Exciting New Research on Curcumin, Alzheimer’s and Cancer
In India, Alzheimer’s disease rates are reportedly among the world’s lowest. That may be because of those tasty Indian curries.
New research suggests the golden spice turmeric, the main spice in curry mixes, has potent action against Alzheimer’s disease. In a study of mice genetically altered to develop Alzheimer’s, a component of turmeric, curcumin, inhibited the accumulation of destructive beta amyloid protein in the brain – the “tangles” that are the hallmark of the disease. What’s more, the spice also broke up existing plaques by boosting immune cells called macrophages to clear out the plaque.
These findings suggest that curcumin is more effective in inhibiting plaque formation than many other drugs being tested as Alzheimer’s treatments, the researchers concluded.
The results were published in the July 16, 2007, online early edition of the Proceedings of the National Academy of Sciences.
“The prospect of finding a safe and effective new approach to both prevention and treatment of Alzheimer’s disease is tremendously exciting,” said lead researcher Gregory Cole, Ph.D., associate director of the UCLA Alzheimer’s Disease Research Center. The research center is planning human clinical trials to establish safe and effective doses in aging patients.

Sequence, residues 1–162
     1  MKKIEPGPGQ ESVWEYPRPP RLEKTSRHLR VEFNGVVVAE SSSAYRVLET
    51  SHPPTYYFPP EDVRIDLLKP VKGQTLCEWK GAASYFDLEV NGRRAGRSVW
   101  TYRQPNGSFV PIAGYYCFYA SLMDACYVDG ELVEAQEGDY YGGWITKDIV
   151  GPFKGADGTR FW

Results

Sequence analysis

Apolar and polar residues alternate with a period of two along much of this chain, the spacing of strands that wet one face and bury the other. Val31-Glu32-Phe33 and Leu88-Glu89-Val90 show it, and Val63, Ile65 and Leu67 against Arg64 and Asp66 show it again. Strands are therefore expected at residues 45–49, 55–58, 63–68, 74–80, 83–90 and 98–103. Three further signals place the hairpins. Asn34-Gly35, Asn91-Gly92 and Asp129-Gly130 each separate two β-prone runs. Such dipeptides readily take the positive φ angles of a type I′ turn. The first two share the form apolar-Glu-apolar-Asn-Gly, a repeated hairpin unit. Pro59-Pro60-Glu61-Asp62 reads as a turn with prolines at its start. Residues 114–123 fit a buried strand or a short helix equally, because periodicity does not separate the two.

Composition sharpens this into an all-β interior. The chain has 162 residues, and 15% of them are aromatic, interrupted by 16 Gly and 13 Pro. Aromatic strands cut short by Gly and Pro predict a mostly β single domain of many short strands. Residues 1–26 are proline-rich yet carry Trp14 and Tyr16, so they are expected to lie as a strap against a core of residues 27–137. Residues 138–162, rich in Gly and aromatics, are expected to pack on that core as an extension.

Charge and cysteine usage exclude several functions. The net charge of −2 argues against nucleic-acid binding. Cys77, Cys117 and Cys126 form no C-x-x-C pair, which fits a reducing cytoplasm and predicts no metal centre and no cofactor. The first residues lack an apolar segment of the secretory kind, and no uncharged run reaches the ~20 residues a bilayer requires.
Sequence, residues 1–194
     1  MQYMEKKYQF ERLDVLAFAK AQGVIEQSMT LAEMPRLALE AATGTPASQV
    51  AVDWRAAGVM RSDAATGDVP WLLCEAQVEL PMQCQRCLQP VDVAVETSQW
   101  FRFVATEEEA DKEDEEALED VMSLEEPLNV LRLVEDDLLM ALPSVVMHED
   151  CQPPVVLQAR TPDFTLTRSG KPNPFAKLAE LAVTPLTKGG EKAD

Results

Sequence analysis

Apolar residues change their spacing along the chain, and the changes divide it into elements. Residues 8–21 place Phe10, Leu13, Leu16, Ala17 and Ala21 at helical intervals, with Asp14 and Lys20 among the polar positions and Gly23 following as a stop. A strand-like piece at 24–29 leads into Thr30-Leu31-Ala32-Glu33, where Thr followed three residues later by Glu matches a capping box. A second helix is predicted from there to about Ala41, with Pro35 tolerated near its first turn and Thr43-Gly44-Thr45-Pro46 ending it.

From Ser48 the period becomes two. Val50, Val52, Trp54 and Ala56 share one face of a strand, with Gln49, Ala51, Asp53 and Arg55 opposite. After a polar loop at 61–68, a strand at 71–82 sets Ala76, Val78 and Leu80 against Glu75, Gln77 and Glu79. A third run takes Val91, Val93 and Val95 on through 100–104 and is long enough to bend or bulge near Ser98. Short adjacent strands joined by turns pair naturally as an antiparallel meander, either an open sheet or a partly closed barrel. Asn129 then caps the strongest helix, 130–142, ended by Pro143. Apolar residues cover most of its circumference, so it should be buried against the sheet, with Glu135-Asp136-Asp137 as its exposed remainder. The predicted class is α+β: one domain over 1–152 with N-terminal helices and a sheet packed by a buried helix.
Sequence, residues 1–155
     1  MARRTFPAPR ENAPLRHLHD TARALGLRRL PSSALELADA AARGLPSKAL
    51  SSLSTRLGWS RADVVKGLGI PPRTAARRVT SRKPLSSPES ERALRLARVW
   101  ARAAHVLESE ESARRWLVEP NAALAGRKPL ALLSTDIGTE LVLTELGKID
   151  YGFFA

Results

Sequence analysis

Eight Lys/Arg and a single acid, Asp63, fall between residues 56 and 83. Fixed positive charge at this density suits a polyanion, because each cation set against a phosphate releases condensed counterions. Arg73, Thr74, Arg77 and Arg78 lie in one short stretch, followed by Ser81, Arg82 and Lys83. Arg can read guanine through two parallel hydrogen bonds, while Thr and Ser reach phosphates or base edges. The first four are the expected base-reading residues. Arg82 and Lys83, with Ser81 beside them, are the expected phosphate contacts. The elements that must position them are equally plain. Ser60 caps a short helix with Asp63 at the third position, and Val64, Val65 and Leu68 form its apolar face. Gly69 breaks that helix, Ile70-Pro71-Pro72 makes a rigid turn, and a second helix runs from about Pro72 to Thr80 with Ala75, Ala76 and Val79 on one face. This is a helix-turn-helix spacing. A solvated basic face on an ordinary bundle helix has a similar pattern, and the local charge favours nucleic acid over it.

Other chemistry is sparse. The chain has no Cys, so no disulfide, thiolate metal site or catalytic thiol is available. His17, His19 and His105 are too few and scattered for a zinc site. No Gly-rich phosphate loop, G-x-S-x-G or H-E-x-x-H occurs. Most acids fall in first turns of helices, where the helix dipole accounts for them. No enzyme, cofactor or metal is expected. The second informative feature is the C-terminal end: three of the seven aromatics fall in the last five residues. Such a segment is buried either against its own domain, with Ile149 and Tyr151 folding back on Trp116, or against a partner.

Curcumin also has strong anticancer activity. It blocks proliferation of human cancer cells and induces them to commit suicide, say researchers at M.D. Anderson Cancer Center in Houston. This occurs when curcumin is mixed with head and neck cancer cells, prostate cancer cells, breast cancer cells and liver cancer cells. At the same time, curcumin does not harm non-malignant cells. Curcumin works by switching off genes that trigger inflammation and replication of cancer cells, say researchers.
Pure turmeric is only about 3 to 6 percent curcumin, by weight. However, there are other beneficial components in turmeric besides curcumin, so it is a good thing to eat. Curcumin concentrates have been isolated from turmeric and are available as supplements. Exact amounts to prevent disease are not yet established.
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Article updated on: July 31st, 2007